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What’s worse than being a woman with a drug problem?

Thursday, October 31st, 2013

Something which the Government failed to mention in its recent, polished figures is that female unemployment is at its highest for twenty five years. Women’s organisations are pointing out that austerity measures unfairly target women, by making cuts to child benefits at a time when childcare and household bills are rapidly increasing, whilst those that do have jobs still get paid less than men (in 2010, in the public sector – which one may imagine to be the least discriminatory employer – the pay gap between men and women was still an incredible 21%).

An interesting article in Drink and Drug News this month considers the impact of austerity on female drug users. I touched on the stigma faced by women who use substances in Baby wants a double vodka, but this article looks at the effects of the cuts to service provision, given the complexities that often come hand-in-hand with being a woman with a drug problem.

As Caroline Lucas MP points out, women’s substance misuse is often more complicated than men’s, regularly associated with parental and sexual stigmatisation and shame, childcare issues, domestic abuse and prostitution. Yet these specific needs were omitted entirely from the 2010 Drug Strategy, and the ‘bulk-buying” approach to commissioning has meant that gender nuances are now ignored.

The women’s drug service in our area has vanished during the cuts, and their work absorbed by generic drug workers who have less capacity for home visits and parenting work. Many of their clients, who have experienced issues such as sexual abuse, may now need to be seen by male workers, unless they have the confidence to make demands (confidence not being a trait often associated with this group – neither the balance of power when your script depends on it). And whereas having a family may be seen as increasing someone’s ‘recovery capital’, is this necessarily the same when, for women, this may include single parenthood and domestic abuse?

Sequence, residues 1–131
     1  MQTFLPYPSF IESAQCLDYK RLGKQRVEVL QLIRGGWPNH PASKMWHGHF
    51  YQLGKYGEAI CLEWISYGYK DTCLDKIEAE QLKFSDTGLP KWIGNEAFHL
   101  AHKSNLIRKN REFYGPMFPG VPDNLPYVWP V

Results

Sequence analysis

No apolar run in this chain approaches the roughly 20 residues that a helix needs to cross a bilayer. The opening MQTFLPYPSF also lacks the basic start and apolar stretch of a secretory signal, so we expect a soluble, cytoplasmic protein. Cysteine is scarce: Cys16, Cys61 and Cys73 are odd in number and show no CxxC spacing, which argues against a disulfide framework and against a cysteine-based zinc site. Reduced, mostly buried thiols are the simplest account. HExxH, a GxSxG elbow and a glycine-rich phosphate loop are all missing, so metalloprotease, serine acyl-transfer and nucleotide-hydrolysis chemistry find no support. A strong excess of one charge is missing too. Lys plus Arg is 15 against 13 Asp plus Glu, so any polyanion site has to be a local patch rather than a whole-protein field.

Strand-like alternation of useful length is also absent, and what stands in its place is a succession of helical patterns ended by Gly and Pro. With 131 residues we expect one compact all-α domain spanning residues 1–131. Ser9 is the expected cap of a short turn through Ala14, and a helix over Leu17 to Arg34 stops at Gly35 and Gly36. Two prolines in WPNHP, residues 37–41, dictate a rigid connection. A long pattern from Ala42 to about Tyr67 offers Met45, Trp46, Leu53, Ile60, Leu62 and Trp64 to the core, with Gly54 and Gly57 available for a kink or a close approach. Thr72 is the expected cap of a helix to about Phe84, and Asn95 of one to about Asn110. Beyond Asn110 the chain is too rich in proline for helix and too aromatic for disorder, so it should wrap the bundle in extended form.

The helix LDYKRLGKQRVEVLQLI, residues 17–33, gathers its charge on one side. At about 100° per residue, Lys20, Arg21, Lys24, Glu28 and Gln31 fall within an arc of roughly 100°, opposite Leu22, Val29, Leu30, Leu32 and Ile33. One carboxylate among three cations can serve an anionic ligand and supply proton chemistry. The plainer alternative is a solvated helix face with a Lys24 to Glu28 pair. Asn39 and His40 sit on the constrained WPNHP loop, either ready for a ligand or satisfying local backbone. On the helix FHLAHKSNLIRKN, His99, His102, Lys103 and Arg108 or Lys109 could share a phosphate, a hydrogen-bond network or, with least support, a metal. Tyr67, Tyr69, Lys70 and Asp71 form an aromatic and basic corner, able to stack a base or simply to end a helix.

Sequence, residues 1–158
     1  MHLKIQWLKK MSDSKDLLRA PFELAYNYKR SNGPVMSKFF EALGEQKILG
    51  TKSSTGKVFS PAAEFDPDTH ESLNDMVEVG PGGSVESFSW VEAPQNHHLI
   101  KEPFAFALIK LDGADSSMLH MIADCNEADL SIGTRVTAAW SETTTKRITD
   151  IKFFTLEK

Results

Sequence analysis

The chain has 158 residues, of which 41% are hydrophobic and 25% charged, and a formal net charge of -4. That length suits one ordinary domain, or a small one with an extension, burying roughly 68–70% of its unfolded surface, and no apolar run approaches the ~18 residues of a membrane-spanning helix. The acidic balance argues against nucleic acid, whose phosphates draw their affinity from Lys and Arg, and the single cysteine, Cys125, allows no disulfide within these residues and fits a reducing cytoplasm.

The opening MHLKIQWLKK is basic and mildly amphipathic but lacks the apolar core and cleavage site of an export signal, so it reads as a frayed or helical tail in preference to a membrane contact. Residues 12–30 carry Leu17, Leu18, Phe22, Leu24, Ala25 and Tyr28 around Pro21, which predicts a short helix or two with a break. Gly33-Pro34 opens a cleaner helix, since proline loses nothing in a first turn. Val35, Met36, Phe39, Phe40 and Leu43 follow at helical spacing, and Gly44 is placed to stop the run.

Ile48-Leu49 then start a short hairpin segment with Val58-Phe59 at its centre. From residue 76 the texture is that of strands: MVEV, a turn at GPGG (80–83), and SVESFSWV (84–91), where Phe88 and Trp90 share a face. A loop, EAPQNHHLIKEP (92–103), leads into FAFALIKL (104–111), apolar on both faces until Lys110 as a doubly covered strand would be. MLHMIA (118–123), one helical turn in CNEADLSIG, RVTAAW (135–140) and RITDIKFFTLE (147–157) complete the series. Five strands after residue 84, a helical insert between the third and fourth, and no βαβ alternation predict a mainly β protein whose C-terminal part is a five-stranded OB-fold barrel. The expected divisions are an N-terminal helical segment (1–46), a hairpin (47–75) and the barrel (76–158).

Attempts to maintain and develop best practice are further stretched as fewer staff mean workloads increase – and research into joint-working models has exposed that workers who attempt a multi-agency approach to supporting women often report having to hide this from their managers, as the extra work they do cannot be directly evidenced statistically and so is considered ‘out-of-remit’.

And then there’s what social worker Gretchen Precey has tagged ‘start again syndrome’ – the desire to see every woman’s pregnancy or birth as a fresh start. The dilemma working with this client group is balancing the constant need for motivation and positivity, the belief in the possibility of change, with prioritising the needs of helpless foetuses and babies. As workers, when we see chaos, we often understand vulnerability – and we desperately focus on the glint of positive in the shit pile of someone’s life. But to ignore a woman’s past experiences of motherhood is dangerous, warns Precey – and in a culture where professionals are blamed for any harm that comes to a child (as though, I always feel, they are the perpetrators), workers are left to balance hope against risk. It creates a moral clash. These are the cases that keep you awake at night.